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Thursday, Apr 26, 2018
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Jobsite shows funny side to thoughts of suicide in ‘All New People’

Poor Charlie just wants to end it all, but he finds suicide is not going to be an easy task in the dark comedy “All New People,” in the Shimberg Playhouse at the Straz Center.

This 2011 play was penned by Zach Braff, who is best known for his role as bumbling medical intern John Dorian on “Scrubs,” and it plays like a clever situation comedy.

This production by the Jobsite Theater is set in an upscale vacation home on the deserted Jersey Shore in the dead of winter.

The play opens with Charlie, age 35, frustrated with love and life, literally at the end of his rope. He has come to a friend’s summer home to hang himself. But his secretly planned exit is interrupted by three unwelcome quests: a real estate agent, a local firefighter and a female escort hired by one of Charlie’s friends to cheer him up.

“He is contemplating suicide, and this is a comedy,” says director Paul J. Potenza. “There is a whole lot of funny stuff that goes on, but also this is a story about four people who might be considered lost in their lives.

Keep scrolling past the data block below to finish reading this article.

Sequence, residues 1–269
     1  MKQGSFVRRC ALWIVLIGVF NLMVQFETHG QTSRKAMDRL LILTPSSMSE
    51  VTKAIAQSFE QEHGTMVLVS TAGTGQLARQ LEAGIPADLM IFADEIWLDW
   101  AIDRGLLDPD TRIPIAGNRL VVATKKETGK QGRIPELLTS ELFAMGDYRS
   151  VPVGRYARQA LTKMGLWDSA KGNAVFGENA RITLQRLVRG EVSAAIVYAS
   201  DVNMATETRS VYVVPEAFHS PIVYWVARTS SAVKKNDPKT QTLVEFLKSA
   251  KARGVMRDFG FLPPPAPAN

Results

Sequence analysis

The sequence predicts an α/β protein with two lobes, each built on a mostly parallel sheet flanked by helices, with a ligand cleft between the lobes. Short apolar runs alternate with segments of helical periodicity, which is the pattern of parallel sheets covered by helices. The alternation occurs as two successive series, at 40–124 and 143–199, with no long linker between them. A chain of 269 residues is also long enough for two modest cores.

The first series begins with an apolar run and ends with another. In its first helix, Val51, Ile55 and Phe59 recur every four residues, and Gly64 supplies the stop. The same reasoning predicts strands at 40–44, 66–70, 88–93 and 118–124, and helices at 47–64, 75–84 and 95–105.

Suicidal Charlie is portrayed by Chris Holcom; Meg Heimstead is Emma, a daffy British woman and real estate agent who believes that her arrival was divine intervention; Jack Holloway plays Myron, a firefighter called in by Emma to help save Charlie. And Katie Castonguay is Kim, the escort.

As the play unfolds, the audience learns why Charlie has come to this point as well as what happened in the lives of the other characters.

“It’s a very entertaining play, and a relatively new one,” says Potenza.

Potenza, who has acted in and directed numerous productions, says he is the longest running member of Jobsite, having directed and starred in the first production “Sex, Drugs, Rock & Roll” in 2004.

Potenza has worked other Bay-area theater companies including Eckerd Theater Company, The Loft Theater, Tampa Players, Stageworks, freeFall and American Stage.

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